When a team of researchers from executive search giant Spencer Stuart set out to assess the world’s best performing CEOs, they assembled a boat load of data on 747 S&P 500 chief executive officers, including shareholder return for each CEO’s company and an abundant amount of demographic and other intriguing information on them.
One of the most interesting stories to emerge from their study related to the longevity of each CEO in their respective position and their performance over this duration of time.
The data is hugely important for an S&P 500 company’s board of directors, suggesting when the performance of an executive was (positively or negatively) an aberration and even when boards should intervene to replace a CEO.
The Spencer Stuart researchers have broken this down into five general time frames for a CEO’s tenure.
The first such time frame, which they’ve labeled “The Honeymoon,” during which they found many CEOs typically achieve above-average results in part because many have given considerable thought to the most immediate and obvious organizational and performance reforms they would implement.
But this is often followed by what they label “The Sophomore Slump” when this exuberance dies off and a company’s enduring challenges snowball.
However, for the successful CEO, this is followed by what they label “The Recovery,” a multi-year time period during which top-performing CEOs begin to witness progress from the reforms they implemented in their first two years.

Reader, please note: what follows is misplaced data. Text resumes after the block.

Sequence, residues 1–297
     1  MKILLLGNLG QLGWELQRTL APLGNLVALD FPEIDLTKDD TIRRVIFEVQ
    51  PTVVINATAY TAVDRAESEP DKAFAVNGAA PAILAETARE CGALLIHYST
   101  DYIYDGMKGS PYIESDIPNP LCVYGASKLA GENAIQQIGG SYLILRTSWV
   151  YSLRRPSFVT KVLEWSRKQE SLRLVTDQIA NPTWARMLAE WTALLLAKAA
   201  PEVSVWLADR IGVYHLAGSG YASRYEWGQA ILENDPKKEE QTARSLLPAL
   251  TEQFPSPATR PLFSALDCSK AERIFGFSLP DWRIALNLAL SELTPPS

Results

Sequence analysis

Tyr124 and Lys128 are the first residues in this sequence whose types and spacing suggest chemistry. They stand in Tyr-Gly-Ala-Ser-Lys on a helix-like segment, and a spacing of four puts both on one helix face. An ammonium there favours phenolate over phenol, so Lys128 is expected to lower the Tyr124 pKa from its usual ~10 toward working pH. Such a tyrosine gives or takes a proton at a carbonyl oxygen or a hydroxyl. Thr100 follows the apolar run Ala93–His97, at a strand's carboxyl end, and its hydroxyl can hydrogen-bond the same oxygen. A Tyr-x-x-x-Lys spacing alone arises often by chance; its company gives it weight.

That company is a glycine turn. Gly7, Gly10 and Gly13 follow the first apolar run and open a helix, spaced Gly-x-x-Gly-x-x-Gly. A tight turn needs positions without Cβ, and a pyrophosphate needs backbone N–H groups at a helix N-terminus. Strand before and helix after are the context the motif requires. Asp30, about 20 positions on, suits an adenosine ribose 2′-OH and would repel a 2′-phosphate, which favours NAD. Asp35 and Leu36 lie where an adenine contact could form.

But the ebb and flow of business is such that this is followed by another cyclical cycle, labeled “The Complacency Trap” during which obvious reforms have been implemented and some success has been achieved and a sense of urgency tends to dissipate.
The story of a successful CEO typically has a happy ending, labeled “The Golden Years” during which systematic management processes have reached a pinnacle of performance and the company begins to benefit disproportionately from a CEOs experience and learning curve.
“Many of the long-termed CEOs we interviewed were motivated by the idea of building a legacy” during this period, the Spencer Stuart researchers write.